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The fire-tufted barbet (Psilopogon pyrolophus) is a species of bird in the Asian barbet family Megalaimidae. It was once placed in the same family as the toucan before being moved to the Asian barbets.
Found in broad leaved evergreen montane forests between 1070–2010 m in Sumatra, southern Thailand and Peninsular Malaysia.
Range map from www.oiseaux.net - Ornithological Portal Oiseaux.net
www.oiseaux.net is one of those MUST visit pages if you're in to bird watching. You can find just about everything there
The moderately large bird(28 cm), the adult birds are overall green in appearance and have a brownish-maroon nape, grey lores, white band on the forehead, throat green, followed by a bright yellow band before a black band, appearing like a necklace separates the belly.
The bill is fawn colored with a black vertical band. Tufts of feathers at the base of beak. Upper tufts fiery orange in males.
The cicadas (/sɪˈkɑːdə/ or /sɪˈkeɪdə/) are a superfamily, the Cicadoidea, of insects in the order Hemiptera (true bugs). They are in the suborder Auchenorrhyncha,[a] along with smaller jumping bugs such as leafhoppers and froghoppers. It is divided into the Tettigarctidae, with two species in Australia, and Cicadidae, with more than 1,300 species described from around the world; many species remain undescribed.
Cicadas have prominent eyes set wide apart, short antennae, and membranous front wings. They have an exceptionally loud song, produced not by stridulation, but by vibrating drumlike tymbals rapidly. The earliest known fossil Cicadomorpha appeared in the Upper Permian period; extant species occur all around the world in temperate to tropical climates. They typically live in trees, feeding on sap and laying their eggs in a slit in the bark. Most cicadas are cryptic, singing at night to avoid predators.
The periodic cicadas spend most of their lives as underground nymphs, emerging only after 13 or 17 years, which may reduce losses by starving their predators and eventually emerging in huge numbers that overwhelm and satiate any remaining predators. The annual cicadas are species that emerge every year. Though these cicada have life cycles that can vary from one to nine or more years as underground larvae, their emergence above ground as adults is not synchronized so some appear every year.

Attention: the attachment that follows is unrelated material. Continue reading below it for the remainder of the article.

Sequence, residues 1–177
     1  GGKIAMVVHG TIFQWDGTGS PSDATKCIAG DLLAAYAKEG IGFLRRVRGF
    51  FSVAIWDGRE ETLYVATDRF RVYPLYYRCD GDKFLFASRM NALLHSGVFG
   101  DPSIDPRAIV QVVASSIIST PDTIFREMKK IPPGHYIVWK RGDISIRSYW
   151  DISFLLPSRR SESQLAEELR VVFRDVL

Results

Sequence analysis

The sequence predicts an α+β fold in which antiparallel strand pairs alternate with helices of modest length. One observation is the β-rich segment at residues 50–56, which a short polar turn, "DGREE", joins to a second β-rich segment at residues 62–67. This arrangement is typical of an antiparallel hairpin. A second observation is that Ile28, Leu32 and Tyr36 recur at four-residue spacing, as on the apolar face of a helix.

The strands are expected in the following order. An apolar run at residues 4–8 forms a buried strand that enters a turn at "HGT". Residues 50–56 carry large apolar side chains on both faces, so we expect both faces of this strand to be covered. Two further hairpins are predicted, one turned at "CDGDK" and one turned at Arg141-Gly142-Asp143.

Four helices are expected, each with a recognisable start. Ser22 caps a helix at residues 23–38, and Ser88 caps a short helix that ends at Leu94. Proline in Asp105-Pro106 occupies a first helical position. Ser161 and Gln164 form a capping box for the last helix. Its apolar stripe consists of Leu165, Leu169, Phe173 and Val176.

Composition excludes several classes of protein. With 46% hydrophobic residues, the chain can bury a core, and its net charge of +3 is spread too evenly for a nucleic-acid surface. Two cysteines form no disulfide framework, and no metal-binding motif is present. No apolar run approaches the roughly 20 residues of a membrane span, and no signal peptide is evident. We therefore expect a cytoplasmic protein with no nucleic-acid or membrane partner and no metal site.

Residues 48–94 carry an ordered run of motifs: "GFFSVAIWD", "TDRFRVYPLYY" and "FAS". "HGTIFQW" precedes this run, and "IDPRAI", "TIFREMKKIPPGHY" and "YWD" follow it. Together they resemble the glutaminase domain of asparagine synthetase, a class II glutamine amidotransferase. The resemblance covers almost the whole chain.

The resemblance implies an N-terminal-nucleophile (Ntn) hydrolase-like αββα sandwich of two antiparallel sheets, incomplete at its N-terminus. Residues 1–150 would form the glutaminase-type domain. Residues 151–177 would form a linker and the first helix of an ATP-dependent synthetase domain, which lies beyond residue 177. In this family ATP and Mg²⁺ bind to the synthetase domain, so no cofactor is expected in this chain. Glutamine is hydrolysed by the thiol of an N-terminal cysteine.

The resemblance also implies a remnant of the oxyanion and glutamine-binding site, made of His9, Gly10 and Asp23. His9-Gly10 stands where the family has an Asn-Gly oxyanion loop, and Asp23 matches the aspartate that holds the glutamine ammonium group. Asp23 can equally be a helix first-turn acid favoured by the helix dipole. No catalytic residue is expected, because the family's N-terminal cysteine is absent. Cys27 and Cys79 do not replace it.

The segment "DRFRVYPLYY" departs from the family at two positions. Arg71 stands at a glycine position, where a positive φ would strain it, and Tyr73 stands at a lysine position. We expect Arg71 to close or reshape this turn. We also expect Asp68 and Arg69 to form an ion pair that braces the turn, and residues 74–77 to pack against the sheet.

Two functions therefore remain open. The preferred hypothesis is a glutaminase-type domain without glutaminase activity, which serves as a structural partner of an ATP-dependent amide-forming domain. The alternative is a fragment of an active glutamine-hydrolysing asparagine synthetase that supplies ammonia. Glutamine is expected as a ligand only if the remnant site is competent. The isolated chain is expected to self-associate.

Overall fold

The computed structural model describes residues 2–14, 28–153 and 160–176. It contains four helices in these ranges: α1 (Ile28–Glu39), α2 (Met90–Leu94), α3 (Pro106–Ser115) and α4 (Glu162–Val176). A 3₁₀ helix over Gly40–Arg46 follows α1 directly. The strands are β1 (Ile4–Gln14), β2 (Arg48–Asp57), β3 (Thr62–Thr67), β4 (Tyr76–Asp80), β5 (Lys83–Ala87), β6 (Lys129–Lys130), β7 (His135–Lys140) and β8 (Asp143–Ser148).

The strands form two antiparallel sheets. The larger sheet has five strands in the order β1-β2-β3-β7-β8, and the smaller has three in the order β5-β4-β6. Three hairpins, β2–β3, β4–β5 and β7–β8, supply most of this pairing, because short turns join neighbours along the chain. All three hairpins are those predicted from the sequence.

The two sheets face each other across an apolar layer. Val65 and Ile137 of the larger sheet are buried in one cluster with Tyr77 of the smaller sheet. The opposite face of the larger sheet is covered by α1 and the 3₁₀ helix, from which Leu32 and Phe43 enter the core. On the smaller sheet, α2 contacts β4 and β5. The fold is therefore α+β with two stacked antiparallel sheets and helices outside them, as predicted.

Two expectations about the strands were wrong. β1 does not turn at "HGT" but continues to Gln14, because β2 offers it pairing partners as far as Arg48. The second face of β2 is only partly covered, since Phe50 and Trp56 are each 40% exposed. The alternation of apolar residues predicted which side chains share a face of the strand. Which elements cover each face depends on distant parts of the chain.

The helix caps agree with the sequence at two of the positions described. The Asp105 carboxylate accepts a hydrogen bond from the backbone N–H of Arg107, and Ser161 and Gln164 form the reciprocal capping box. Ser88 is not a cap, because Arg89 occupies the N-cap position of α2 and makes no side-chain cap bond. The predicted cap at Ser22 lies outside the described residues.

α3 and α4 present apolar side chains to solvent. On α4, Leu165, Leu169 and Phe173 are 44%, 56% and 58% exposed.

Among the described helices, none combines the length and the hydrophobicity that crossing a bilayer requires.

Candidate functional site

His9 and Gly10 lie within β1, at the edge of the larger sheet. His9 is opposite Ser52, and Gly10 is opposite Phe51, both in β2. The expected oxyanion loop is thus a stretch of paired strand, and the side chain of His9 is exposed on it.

By Bruce Marlin - Own work http://www.cirrusimage.com/homoptera_cicada_T_linnei.htm, CC BY-SA 2.5,
The "singing" of male cicadas is not stridulation such as many familiar species of insects produce, crickets, for example. Instead, male cicadas have a resilin structure called a tymbal below each side of the anterior abdominal region. The tymbals are structures of the exoskeleton formed into complex membranes with thin, membranous portions and thickened ribs. Contraction of internal muscles buckles the tymbals inwards, thereby producing a click; on relaxation of the muscles, the tymbals return to their original position, producing another click.
The male abdomen is largely hollow, and acts as a sound box. By rapidly vibrating these membranes, a cicada combines the clicks into apparently continuous notes, and enlarged chambers derived from the tracheae serve as resonance chambers with which it amplifies the sound. The cicada also modulates the song by positioning its abdomen toward or away from the substrate. Partly by the pattern in which it combines the clicks, each species produces its own distinctive mating songs and acoustic signals, ensuring that the song attracts only appropriate mates.
Listen to the Cicidas
Sound from Wikipedia
Although only males produce the cicadas' distinctive sound, both sexes have membraneous structures called tympana by which they detect sounds; the equivalent of having ears. Males disable their own tympana while calling, thereby preventing damage to their hearing; a necessity partly because some cicadas produce sounds up to 120 dB (SPL) which is among the loudest of all insect-produced sounds.
The song is loud enough to cause permanent hearing loss in humans should the cicada sing just outside the listener's ear. In contrast, some small species have songs so high in pitch that they are inaudible to humans.
A terrible noise from the Cicadas
Sri Lanka - May 2017
I have been birding in some areas where I had to leave due to the noise. And it can be really terrible and you have to leave the area. And they can cover huge areas.
This species is locally common and sighted in pairs or in small groups, often in emergent canopy or at mid-canopy near forest edges. Like other barbets, they use tree cavities to nest. They are primarily frugivores. Their call is very similar to cicadas